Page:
Facebook opens data to researchers studying the role of social media in elections

Facebook opens data to researchers studying the role of social media in elections
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Facebook on Monday announced that it is opening up troves of its data to researchers studying the role of social media in elections, an unprecedented move by a generally secretive company. 

The announcement comes a little over a year after Facebook first announced that it would be partnering with outside social science research centers to look into the effects of social media on democracies and elections.  

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The company in a blog post on Monday announced that its research institute partners, Social Science One and the Social Science Research Council (SSRC), had officially chosen a group of more than 60 researchers who will "gain access to privacy-protected Facebook data."  

The research projects emerge as Facebook faces more scrutiny than ever over the manipulation and misuse of its platform during election cycles. The tech giant has been accused of not doing enough as foreign and domestic actors spread misinformation across its suite of services, including Instagram, during important world events. 

Social Science One in its own post said the grant-making process was previously held up by privacy concerns around allowing researchers unfettered access to sensitive user data, and it has worked with Facebook over the last six months to build a portal that they believe is adequately secure.

Facebook said that it has put in place some safeguards to ensure individual users cannot be identified by researchers, including by adding "statistical noise" to the datasets and securing the portal that holds the data.    

The researchers, which were chosen by the SSRC and Social Science One without input from Facebook, will be able to access information on URLs shared by Facebook users from 2017-2019 — a time frame that does not include the 2016 U.S. presidential election.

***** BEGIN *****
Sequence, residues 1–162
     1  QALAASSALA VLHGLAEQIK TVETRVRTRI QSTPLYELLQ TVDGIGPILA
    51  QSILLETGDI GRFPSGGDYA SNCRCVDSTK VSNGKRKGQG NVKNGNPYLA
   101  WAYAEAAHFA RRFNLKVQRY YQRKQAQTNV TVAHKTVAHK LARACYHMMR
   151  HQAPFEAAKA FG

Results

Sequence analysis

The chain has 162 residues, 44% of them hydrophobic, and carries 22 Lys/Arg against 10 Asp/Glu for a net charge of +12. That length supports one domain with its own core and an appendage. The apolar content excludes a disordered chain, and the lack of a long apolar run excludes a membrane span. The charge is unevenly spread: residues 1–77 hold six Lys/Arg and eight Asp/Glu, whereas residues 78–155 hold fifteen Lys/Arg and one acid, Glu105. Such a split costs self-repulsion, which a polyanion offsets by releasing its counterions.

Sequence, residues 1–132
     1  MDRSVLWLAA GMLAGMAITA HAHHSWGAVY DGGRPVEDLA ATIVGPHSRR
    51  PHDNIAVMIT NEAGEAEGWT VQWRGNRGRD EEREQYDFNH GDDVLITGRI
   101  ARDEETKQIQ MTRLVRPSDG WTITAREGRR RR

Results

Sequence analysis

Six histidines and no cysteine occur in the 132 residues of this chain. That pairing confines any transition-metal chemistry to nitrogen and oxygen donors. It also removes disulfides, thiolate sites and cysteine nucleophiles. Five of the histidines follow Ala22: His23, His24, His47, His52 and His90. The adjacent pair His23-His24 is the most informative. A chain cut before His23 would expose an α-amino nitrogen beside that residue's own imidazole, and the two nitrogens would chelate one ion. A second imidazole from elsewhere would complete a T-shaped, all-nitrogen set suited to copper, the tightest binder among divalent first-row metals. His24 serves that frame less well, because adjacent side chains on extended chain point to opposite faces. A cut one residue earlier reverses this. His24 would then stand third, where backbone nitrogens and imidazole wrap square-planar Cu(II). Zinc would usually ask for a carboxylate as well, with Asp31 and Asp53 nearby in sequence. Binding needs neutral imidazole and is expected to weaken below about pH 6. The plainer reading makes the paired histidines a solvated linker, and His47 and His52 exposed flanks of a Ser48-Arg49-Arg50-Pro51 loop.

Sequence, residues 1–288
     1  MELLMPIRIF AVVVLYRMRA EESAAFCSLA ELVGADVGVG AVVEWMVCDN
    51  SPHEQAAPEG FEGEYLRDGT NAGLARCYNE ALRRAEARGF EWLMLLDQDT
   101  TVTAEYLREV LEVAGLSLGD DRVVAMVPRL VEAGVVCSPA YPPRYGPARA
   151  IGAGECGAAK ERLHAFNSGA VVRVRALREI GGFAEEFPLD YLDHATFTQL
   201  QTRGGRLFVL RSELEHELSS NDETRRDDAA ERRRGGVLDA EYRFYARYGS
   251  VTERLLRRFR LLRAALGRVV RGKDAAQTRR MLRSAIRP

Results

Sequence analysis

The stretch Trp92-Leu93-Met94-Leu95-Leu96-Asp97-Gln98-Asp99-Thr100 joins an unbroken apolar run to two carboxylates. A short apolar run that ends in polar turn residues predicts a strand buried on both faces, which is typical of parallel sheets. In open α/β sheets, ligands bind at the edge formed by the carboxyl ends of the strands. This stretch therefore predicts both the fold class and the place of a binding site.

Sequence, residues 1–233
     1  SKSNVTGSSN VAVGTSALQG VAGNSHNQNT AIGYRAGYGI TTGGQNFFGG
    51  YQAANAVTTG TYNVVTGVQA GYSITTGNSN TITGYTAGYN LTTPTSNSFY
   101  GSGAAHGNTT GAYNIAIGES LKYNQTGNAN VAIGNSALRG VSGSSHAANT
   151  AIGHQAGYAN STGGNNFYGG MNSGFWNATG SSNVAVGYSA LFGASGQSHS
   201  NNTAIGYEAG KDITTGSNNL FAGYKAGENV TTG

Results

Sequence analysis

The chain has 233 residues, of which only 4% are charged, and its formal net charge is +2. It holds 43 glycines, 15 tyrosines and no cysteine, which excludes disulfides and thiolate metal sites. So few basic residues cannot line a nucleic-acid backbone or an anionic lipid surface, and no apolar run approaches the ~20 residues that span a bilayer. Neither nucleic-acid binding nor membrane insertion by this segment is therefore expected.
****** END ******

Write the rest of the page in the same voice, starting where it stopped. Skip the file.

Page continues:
The most recent U.S. presidential election marked an inflection point for Facebook after investigators discovered that a Russian troll farm had been allowed to spread misinformation and buy thousands of political ads on the platform as Russian intelligence sought to divide the U.S. electorate ahead of a pivotal election cycle. 

Since then, researchers have demanded greater transparency around the extent to which Russians were allowed to take advantage of the platform in 2016, and how similar efforts have been replicated ahead of elections and democratic processes in other countries. 

A Facebook spokesperson told The Hill that there could be additional rounds of data released in the future, and this is only the first round of grants, in response to a question about the time frame of the URL database. The spokesperson said Facebook hopes to make more data available in the future, but it is moving slowly in order to ensure there are adequate privacy protections. 

The database will include information about URLs shared during the 2018 midterm elections in the U.S.  

Researchers will also gain access to CrowdTangle, a tool that shows the popularity of certain content across Facebook and its image-sharing platform Instagram, which will provide insights into Facebook activity stretching back years — including the 2016 election. 

And they will be able to search through Facebook's Ad Library API, a database of political ads posted to the website since last August. 

The projects that have received grants during this first round include U.S.-based research including "Measuring the Effects of Peer Sharing on Fake and Polarized News Consumption" by researchers at Northeastern University and "Understanding Problematic Sharing Behavior on Facebook" by researchers at Ohio State University and the University of Michigan, as well as more global investigations by researchers studying Facebook behavior around elections in Germany, Chile, Brazil and more.